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Live Retirement to the Fullest - Maintain Your Muscle

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Author: Dr. Lowell Greib ND, CISSN & Dr. Brock McGregor ND

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Live Retirement to the Fullest - Maintain Your Muscle
 

The golden years of retirement promise leisurely afternoons on the golf course, weekends entertaining the grandkids, and free time spent enjoying family and friends.  To spend retirement years the way we would like, it takes more than just strategic financial planning, it takes an investment in personal health.  In order to play 18-holes of golf or chase around the grandkids you need to stay lean and strong in retirement.   A common, important age-related change in our bodies is the loss of lean muscle mass known as sarcopenia.  Staving off sarcopenia, and keeping muscle not only helps to maintain muscle strength and thus the ability to continue with activities of daily living, but it also helps to increase metabolic rate and decrease the risk of diseases such as osteoporosis.  Lean protein, like that found in chicken breast, lean red meat, fish, and egg whites, is needed to maintain and form new muscle. One of the main challenges in maintaining muscle is an age-related change in the body’s ability to respond to the protein we eat.  As we age we are less able to digest and utilize protein to build and maintain lean muscle, making the amount and type of protein we consume very important. 

How much protein is enough?

Current daily recommendations for minimum protein intake suggest the average 165lb retiree ingests 60g of protein each day, which is roughly equivalent to three 3-ounce chicken breasts.  A recent study in the Journal of Clinical Nutrition suggests this minimum requirement is far too low, and that to stave off muscle loss, increase immune function, promote wound healing, and optimize bone health individuals should be consuming double the amount of protein previously recommended.  This increase means the 165lb retiree should be consuming the protein equivalent of six 3-ounce chicken breasts each day.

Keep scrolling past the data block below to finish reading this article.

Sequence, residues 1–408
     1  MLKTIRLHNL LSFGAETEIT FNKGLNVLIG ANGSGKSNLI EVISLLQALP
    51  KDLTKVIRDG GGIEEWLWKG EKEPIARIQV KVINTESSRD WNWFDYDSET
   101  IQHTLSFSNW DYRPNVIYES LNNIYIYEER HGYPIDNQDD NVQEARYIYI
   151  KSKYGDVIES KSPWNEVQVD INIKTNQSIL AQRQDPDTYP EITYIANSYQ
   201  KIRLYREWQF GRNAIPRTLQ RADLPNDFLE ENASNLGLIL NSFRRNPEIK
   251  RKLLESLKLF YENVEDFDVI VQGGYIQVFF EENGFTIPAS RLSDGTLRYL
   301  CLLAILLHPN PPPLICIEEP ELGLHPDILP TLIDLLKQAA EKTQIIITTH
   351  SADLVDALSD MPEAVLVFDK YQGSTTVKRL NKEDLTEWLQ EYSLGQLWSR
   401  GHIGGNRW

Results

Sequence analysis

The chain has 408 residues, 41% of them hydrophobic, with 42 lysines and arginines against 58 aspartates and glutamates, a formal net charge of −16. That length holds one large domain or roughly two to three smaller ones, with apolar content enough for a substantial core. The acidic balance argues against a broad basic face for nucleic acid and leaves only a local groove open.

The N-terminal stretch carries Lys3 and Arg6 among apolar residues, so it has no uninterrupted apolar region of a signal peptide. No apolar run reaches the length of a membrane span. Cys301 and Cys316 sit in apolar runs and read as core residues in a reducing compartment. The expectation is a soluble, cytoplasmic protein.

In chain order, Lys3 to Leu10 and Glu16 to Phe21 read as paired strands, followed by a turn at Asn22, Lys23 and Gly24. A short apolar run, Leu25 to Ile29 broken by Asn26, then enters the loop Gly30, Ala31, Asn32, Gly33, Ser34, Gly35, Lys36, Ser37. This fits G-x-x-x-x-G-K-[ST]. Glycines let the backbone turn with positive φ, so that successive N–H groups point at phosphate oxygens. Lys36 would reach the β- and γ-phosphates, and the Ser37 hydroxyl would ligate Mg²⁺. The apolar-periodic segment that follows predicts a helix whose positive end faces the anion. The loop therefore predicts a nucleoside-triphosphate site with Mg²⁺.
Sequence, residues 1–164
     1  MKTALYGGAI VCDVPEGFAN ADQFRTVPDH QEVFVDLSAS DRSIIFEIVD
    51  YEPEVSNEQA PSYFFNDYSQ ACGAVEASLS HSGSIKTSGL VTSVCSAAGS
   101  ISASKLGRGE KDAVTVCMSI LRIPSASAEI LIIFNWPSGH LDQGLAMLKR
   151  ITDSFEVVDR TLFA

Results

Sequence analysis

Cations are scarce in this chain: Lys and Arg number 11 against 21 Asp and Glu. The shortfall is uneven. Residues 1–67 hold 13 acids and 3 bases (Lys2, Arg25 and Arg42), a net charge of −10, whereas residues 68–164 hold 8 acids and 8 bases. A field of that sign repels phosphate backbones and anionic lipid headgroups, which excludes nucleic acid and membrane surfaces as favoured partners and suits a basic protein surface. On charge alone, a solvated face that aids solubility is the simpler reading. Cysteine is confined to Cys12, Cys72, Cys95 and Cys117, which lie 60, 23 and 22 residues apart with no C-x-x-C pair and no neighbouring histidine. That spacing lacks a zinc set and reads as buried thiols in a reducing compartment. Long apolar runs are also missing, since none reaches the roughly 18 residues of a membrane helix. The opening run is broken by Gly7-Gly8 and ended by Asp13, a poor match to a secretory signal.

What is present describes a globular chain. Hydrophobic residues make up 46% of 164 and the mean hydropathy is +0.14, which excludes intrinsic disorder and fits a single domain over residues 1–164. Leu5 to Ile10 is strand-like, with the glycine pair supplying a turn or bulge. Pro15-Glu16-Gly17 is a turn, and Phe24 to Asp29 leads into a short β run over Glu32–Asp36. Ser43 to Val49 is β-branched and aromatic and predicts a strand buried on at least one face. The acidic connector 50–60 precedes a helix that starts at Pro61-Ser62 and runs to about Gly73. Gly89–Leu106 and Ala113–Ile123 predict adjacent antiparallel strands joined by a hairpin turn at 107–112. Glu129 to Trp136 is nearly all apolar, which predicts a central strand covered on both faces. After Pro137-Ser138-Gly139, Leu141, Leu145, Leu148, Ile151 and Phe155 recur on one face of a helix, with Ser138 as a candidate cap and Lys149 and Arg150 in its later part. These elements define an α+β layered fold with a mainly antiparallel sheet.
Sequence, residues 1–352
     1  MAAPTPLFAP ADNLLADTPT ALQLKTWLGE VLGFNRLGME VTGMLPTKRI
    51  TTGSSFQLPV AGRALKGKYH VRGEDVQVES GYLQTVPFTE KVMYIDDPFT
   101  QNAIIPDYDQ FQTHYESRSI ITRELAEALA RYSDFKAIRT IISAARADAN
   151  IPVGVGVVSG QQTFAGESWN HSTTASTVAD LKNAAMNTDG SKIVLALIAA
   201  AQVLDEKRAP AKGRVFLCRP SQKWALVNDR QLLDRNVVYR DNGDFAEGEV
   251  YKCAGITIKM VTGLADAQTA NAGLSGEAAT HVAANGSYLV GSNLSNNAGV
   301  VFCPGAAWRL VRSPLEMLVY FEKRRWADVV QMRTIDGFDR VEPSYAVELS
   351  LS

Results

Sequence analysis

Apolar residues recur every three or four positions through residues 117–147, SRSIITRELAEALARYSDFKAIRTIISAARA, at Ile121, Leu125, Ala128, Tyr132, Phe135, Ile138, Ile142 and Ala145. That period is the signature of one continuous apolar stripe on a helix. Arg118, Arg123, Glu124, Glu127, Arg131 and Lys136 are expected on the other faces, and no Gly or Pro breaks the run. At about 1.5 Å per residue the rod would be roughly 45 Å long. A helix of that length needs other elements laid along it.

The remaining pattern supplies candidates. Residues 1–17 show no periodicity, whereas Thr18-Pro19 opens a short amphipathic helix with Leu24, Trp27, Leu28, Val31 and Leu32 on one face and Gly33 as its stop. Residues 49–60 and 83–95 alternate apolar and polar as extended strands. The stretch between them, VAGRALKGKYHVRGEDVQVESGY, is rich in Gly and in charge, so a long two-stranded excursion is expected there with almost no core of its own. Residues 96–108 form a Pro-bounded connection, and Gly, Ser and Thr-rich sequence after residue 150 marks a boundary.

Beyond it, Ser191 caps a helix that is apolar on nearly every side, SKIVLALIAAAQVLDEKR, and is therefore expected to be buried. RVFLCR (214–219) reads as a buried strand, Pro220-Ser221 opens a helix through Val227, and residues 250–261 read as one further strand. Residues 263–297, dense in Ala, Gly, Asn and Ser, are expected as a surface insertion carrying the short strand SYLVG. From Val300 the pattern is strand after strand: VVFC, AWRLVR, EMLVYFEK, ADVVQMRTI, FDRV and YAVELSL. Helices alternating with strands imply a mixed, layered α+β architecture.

What is the best protein source?

One of the simplest and most effective ways to increase protein intake is with a powdered protein supplement called whey isolate.   A recent study in the Journal of Clinical Nutrition investigated the effectiveness of different sources of protein in increasing protein synthesis in older subjects.  The study found that whey protein was most effective at raising the blood levels of the building blocks of proteins known as amino acid, suggesting whey isolate is the best protein source for building and maintaining muscle.  When compared to other sources of protein, such as casein (found in high levels in cottage cheese), whey has a higher amount of the amino acid leucine.  Whey’s increased ability to help build and maintain muscle can be in part attributed to its high leucine content. 

Where can I get leucine?

Adding whey protein to your daily routine is one of the simplest ways to increase protein intake, and as discussed studies have shown it is the most effective supplement at increasing protein synthesis in the elderly.  If you find it difficult to add whey protein to your daily routine, maximizing other protein sources high in leucine can be beneficial.  Dietary sources of protein high in leucine include soybeans, lentils, lean beef, ricotta cheese, and of course protein supplement smoothies. 

Proper nutrition is an important aspect of living well and aging better.  Ensuring proper protein intake in both quantity and quality is a crucial step in preventing muscle loss, optimizing immune function, and preventing chronic disease.  Increasing your dietary protein intake is a relatively easy and inexpensive way to take a proactive approach in your own health maintenance.

Here are two smoothie recipes to help to increase your daily protein consumption – each smoothie contains over 30g of protein!

Berry Good Retirement

1 cup frozen mixed berries

1 cup of milk (skim, almond, or soy)

½ cup of greek yogurt (optional)

1 scoop of whey isolate protein powder

Blend and Enjoy 

19th Hole Protein Smoothie

1 banana

1 scoop of whey-isolate protein powder (vanilla flavor works great)

1 cup of milk (skim, almond, or soy)

2 tbsp almond butter

1 tsp cinnamon

1-3 dates

½ cup ice

Blend and Enjoy

 

Dr. Brock McGregor, ND is practicing in Chatham ON.  For more information visit www.mcgregornd.com

Dr. Lowell Greib ND is head of TheSport Lab in Huntsville, ON.  For more information on Dr. Lowell Greib ND visit www.thesportlab.ca

 

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